1. Hilibrand AS, Carlson GD, Palumbo MA, et al. Radiculopathy and myelopathy at segments adjacent to the site of a previous anterior cervical arthrodesis. J Bone Joint Surg Am 81:519–28, 1999.
2. Lee JC, Lee SH, Peters C, Riew KD. Adjacent segment pathology requiring reoperation after anterior cervical arthrodesis: the influence of smoking, sex, and number of operated levels. Spine 40(10):E571-E577, 2015.
3. Verma K, Gandhi SD, Maltenfort M, Albert TJ, Hilibrand AS, Vaccaro AR, Radcliff KE. Rate of adjacent segment disease in cervical disc arthroplasty versus single-level fusion: meta-analysis of prospective studies. Spine 38(26):2253-7, 2013.
4. Hilibrand AS, Robbins M. Adjacent segment degeneration and adjacent segment disease: the consequences of spinal fusion? Spine J. 4(6 Suppl):190S-194S, 2004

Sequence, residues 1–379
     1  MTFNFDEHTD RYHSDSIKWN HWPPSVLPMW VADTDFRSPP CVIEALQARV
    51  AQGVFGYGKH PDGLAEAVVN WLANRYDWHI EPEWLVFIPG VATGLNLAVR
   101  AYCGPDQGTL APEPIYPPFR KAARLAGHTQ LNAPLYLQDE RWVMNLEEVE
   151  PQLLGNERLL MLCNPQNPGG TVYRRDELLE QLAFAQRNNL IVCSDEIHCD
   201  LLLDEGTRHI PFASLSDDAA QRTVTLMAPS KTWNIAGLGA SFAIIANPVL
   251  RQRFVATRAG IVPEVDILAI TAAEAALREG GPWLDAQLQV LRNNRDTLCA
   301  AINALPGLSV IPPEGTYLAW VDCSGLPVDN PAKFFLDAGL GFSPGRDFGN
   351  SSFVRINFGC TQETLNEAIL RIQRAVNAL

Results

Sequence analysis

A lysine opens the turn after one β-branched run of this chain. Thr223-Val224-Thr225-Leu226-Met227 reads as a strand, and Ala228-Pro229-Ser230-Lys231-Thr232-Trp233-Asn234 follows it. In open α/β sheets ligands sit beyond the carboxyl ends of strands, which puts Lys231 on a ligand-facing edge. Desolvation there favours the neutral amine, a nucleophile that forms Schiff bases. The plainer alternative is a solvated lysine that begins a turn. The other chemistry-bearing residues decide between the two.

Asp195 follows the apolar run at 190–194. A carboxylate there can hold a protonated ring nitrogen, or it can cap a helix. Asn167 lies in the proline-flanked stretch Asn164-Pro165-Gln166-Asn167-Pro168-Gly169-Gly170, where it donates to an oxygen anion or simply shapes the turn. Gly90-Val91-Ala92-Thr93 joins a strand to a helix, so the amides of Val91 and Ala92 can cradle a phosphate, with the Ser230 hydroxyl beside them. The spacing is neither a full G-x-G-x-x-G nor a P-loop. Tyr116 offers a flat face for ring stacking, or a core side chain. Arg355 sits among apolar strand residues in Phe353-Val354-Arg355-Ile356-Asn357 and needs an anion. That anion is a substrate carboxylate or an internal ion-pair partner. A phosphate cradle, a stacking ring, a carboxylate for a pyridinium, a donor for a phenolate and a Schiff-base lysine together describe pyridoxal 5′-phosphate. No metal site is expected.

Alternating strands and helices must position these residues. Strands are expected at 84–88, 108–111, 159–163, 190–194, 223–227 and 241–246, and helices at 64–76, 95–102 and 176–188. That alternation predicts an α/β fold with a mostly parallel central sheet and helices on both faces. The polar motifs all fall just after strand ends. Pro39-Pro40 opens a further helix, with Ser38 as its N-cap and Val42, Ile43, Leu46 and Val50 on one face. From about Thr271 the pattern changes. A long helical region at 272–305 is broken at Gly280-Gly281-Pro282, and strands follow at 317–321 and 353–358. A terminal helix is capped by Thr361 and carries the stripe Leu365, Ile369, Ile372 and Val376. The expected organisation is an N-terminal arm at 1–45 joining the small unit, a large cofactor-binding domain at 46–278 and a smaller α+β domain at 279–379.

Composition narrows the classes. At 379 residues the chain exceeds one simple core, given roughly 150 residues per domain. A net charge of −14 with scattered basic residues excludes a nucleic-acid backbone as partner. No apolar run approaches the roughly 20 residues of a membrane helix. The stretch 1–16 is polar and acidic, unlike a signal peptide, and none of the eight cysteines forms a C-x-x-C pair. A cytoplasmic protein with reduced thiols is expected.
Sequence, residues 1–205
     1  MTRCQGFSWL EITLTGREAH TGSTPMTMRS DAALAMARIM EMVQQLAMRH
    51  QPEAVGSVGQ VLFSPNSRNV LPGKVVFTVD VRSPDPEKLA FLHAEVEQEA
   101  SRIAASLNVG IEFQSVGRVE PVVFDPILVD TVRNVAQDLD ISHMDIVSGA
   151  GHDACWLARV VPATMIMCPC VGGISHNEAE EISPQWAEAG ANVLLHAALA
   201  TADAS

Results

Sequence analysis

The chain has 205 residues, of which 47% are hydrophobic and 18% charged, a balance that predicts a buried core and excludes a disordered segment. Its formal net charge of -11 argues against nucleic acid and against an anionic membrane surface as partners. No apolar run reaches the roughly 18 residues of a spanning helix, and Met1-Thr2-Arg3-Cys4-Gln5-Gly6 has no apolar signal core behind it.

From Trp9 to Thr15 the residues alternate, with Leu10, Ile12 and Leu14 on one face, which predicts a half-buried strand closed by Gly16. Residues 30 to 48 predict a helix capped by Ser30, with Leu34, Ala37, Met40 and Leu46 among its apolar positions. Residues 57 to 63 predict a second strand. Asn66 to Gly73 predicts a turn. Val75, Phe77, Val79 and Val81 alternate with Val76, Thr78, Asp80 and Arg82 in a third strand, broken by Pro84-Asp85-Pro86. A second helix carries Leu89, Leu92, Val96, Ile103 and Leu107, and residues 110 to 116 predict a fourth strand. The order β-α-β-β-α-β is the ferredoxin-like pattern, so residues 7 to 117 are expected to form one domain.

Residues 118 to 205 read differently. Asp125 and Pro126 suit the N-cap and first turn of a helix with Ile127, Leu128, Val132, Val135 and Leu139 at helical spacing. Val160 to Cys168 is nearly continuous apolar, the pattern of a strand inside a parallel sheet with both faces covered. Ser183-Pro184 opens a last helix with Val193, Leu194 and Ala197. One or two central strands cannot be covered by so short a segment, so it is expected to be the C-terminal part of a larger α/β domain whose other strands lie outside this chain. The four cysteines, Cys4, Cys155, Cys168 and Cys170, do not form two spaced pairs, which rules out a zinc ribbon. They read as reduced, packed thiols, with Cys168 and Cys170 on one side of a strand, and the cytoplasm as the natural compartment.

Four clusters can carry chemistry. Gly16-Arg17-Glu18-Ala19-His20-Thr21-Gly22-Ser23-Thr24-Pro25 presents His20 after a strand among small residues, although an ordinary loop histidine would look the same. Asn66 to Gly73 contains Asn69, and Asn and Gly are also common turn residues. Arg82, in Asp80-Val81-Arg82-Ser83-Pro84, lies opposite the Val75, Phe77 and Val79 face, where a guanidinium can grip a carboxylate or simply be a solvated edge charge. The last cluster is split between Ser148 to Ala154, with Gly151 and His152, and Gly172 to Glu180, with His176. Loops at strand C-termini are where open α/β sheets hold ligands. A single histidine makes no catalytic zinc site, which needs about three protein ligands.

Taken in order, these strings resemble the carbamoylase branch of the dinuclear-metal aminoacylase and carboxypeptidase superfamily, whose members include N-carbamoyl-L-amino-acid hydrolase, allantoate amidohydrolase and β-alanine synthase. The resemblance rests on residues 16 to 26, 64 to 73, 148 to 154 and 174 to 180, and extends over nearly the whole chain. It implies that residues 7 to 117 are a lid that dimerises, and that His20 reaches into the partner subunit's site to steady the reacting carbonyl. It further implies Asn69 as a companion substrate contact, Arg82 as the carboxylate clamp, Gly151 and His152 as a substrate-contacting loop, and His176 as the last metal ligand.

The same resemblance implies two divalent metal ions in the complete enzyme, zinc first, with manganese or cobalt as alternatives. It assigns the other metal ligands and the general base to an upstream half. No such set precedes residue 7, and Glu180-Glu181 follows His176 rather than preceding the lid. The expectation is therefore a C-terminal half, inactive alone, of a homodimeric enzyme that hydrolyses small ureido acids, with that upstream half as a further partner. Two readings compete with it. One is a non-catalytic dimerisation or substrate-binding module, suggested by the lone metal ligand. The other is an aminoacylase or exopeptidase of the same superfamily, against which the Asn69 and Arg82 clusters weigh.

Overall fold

The information in this Q&A is not intended to be a substitute for professional medical advice, nor is it intended to serve as medical diagnosis or treatment. The information is presented for the sole purpose of disseminating health information. It is not intended and must not be taken to be the provision or practice of medical, nursing, or professional health care advice or services in any jurisdiction. Always seek the advice of your physician or other qualified health provider if you have questions regarding a medical condition, and always seek the advice of your physician or provider before starting any new treatment. The information about drugs contained in this Q&A is general in nature and is intended for use as an educational aid. It does not cover all possible uses, actions, precautions, side effects, or interactions of these medicines. As such, the information is not intended to serve as medical advice for individual problems or for making an evaluation as to the risks and benefits of taking a particular drug.
Randall Hlubek, MD specializes in minimally invasive spine surgery.